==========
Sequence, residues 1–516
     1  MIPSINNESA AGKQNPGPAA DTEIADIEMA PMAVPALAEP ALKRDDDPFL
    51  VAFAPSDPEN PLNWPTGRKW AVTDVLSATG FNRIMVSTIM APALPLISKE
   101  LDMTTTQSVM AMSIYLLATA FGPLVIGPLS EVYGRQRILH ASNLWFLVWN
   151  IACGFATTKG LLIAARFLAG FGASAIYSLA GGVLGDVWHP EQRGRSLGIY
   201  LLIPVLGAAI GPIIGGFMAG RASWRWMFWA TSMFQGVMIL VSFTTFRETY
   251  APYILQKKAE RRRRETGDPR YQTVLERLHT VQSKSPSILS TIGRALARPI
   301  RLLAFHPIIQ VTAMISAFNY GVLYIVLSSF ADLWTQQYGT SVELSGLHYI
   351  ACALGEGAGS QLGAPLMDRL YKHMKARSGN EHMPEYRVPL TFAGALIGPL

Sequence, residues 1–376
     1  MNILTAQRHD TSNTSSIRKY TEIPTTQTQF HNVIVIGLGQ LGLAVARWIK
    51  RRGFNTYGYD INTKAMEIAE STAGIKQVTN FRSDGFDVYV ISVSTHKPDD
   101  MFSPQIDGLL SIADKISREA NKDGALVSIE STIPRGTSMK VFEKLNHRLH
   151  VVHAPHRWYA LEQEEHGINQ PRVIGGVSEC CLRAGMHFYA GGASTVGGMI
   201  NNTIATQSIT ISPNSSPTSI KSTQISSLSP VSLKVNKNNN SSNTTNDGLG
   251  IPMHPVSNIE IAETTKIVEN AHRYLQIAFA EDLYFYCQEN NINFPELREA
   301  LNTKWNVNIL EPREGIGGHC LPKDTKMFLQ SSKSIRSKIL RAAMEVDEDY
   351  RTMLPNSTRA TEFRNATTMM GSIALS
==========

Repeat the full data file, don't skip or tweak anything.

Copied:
Sequence, residues 1–516
     1  MIPSINNESA AGKQNPGPAA DTEIADIEMA PMAVPALAEP ALKRDDDPFL
    51  VAFAPSDPEN PLNWPTGRKW AVTDVLSATG FNRIMVSTIM APALPLISKE
   101  LDMTTTQSVM AMSIYLLATA FGPLVIGPLS EVYGRQRILH ASNLWFLVWN
   151  IACGFATTKG LLIAARFLAG FGASAIYSLA GGVLGDVWHP EQRGRSLGIY
   201  LLIPVLGAAI GPIIGGFMAG RASWRWMFWA TSMFQGVMIL VSFTTFRETY
   251  APYILQKKAE RRRRETGDPR YQTVLERLHT VQSKSPSILS TIGRALARPI
   301  RLLAFHPIIQ VTAMISAFNY GVLYIVLSSF ADLWTQQYGT SVELSGLHYI
   351  ACALGEGAGS QLGAPLMDRL YKHMKARSGN EHMPEYRVPL TFAGALIGPL

Sequence, residues 1–376
     1  MNILTAQRHD TSNTSSIRKY TEIPTTQTQF HNVIVIGLGQ LGLAVARWIK
    51  RRGFNTYGYD INTKAMEIAE STAGIKQVTN FRSDGFDVYV ISVSTHKPDD
   101  MFSPQIDGLL SIADKISREA NKDGALVSIE STIPRGTSMK VFEKLNHRLH
   151  VVHAPHRWYA LEQEEHGINQ PRVIGGVSEC CLRAGMHFYA GGASTVGGMI
   201  NNTIATQSIT ISPNSSPTSI KSTQISSLSP VSLKVNKNNN SSNTTNDGLG
   251  IPMHPVSNIE IAETTKIVEN AHRYLQIAFA EDLYFYCQEN NINFPELREA
   301  LNTKWNVNIL EPREGIGGHC LPKDTKMFLQ SSKSIRSKIL RAAMEVDEDY
   351  RTMLPNSTRA TEFRNATTMM GSIALS